Mime Artists Durban. Information and definitions via the web:
Start with basic mime actions. There are some fairly standard techniques that most mime artists begin with. These include manipulating imaginary objects (such as walls, balls, ropes, etc.), walking in place, climbing imaginary ladders, leaning, and so on.
Imaginary Objects & Use of the Imagination:
Using the imagination cannot be overemphasized in creating illusions. Most important is for a mime to truly believe the illusion is real. Naturally the more real the illusion is for the mime, the more realistic it will be for your audience.
This can be accomplished through practice. Practice all illusions in this same manner.
e.g. (in practicing a wall) Pretend the wall is real. See the wall in different colors. Feel the wall in different textures i.e. feel it rough, smooth, wet, dry, cold or hot.
Use these same techniques while practicing ALL illusions. You will also find your body reacting naturally to the illusion if you are convinced it's real. Consider what you might do and how you would react if interacting with the real thing.
Grab a rope. Pretend to have a rope dangling before you and attempt to climb it. Slide down and clamber back up for best effect. When you reach the top, wipe the perspiration off your brow. Climbing a rope is a very difficult illusion if done correctly. Imagine and feel your full body weight. If you are really climbing a rope, your muscles will stretch and strain. Your face will grimace in painful effort. Wiping sweat from your brow will be a natural reaction. If you have never climbed a real rope, do so with supervision in a padded gym. Make mental notes of your actions and reactions even though many illusions may not be done with the exact movements as used in reality, the mental attitude (a.k.a. imagination) should be the same as the real thing. (See first note below under "Warnings" and be sure to warm up before attempting this illusion.)
A ladder. To show climbing a ladder, grab at imaginary ladder rungs going up in the air. Place the ball of one foot on the ground, as you would put it on a ladder rung. Pull down on the rungs (keep the hands moving together!) as you go up on your toes, and then drop back down with the opposite foot now "on a rung." Alternate feet and hands each time you "climb." Keep your focus upwards, as though you were looking at the place to which you are climbing. (If it's a tall ladder, look downwards occasionally for comic effect - tilt your head slowly and carefully, just enough to look downwards, and then look forward quickly, with an expression of alarm!) Make your legs do the same movements as if your feet were clambering up a real ladder.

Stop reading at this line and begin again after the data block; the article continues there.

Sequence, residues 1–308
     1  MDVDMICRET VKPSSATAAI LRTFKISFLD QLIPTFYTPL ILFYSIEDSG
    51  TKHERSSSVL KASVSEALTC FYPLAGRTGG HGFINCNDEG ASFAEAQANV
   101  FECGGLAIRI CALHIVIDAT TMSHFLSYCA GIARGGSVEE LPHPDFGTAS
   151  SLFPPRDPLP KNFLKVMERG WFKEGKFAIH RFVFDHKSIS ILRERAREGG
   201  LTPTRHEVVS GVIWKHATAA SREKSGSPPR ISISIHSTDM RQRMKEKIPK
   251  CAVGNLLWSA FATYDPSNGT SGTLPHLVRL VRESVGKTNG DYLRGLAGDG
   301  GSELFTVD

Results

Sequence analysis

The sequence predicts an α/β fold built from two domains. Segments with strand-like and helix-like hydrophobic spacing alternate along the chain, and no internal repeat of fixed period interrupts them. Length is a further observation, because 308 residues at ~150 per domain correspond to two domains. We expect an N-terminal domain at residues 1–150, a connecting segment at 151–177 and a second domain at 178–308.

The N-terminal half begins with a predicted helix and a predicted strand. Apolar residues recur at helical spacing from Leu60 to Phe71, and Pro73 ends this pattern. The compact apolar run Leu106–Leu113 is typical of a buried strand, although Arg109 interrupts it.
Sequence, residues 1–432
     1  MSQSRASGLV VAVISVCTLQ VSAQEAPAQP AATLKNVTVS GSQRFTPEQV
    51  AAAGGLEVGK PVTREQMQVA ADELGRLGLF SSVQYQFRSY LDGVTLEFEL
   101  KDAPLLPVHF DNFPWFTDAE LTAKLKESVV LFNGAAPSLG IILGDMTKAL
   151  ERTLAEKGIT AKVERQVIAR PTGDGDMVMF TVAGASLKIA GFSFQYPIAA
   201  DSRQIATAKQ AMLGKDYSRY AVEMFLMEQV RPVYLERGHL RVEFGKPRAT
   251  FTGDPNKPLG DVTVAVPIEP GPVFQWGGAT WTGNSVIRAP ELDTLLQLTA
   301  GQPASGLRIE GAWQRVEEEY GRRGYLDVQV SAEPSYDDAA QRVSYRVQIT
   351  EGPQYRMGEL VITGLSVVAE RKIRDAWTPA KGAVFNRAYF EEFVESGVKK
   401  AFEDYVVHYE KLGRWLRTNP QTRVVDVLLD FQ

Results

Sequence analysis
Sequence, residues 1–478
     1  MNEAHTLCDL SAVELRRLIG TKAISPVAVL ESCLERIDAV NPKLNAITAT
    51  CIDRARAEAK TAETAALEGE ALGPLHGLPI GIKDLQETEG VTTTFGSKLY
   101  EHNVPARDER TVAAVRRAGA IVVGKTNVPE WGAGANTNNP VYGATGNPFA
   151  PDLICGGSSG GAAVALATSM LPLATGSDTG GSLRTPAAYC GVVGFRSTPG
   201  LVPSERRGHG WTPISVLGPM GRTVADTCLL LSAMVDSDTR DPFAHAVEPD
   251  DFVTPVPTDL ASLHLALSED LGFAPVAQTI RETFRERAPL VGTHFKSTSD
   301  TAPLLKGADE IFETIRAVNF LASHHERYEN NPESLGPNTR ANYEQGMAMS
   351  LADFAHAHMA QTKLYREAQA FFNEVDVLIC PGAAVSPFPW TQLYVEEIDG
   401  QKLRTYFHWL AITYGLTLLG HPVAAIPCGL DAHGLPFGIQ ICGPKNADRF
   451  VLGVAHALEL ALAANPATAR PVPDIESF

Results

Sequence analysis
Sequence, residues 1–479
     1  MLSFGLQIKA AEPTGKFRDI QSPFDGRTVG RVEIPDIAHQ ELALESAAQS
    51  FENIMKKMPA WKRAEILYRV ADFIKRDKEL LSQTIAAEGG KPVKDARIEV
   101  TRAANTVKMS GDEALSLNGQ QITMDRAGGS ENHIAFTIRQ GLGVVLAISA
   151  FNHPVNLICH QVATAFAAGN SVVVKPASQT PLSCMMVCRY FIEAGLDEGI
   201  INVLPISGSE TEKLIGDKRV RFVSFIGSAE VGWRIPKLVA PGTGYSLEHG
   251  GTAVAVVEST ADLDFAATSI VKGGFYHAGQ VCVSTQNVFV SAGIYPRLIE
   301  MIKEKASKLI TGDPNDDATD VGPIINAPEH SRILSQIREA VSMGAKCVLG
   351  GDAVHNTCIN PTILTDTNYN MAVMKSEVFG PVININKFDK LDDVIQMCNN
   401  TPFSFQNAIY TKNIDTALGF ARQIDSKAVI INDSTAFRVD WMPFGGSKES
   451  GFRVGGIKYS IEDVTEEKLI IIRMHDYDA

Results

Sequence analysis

If you are in an invisible box, you can press the air out in front of you with your hands, first your palm and then your fingers. Act as if you are trying to find a way out of this invisible box by identifying its corners and sides. Run one hand across the "edges" of your imaginary box, as you try to find the lid and your way out. If you want, you can eventually find the lid and flip it open dramatically with both arms, in a triumphant gesture.
Pretend to be leaning against a lamp post, wall or a counter. It might sound easy but takes quite a lot of strength and coordination to "lean" on nothing. The basic lean has two parts. Start with the feet about shoulder-width apart.
For the top part: Hold your arm slightly away from your body, with the elbow bent so that your forearm is parallel to the ground and your hand (wrist relaxed slightly) is near your torso. Now raise your shoulder as you move your chest towards your elbow (keeping the elbow at the same point in space!).
The bottom part: at the same time, bend your knee slightly, taking your weight onto the bent leg. The net effect should be that your elbow stays where it is, but it looks as though your weight has settled onto the imaginary place where your elbow rests. Make sure you only bend the leg under your raised arm. Keep your opposite leg perfectly straight as this adds to the illusion.
Watch in a mirror, or use a video camera to see how effective the technique is. It's sometimes most effective to do this technique casually, with very little exaggeration at all.
For a more active show of leaning, the act can also incorporate stumbling, sliding off and missing the leaned-on object altogether.
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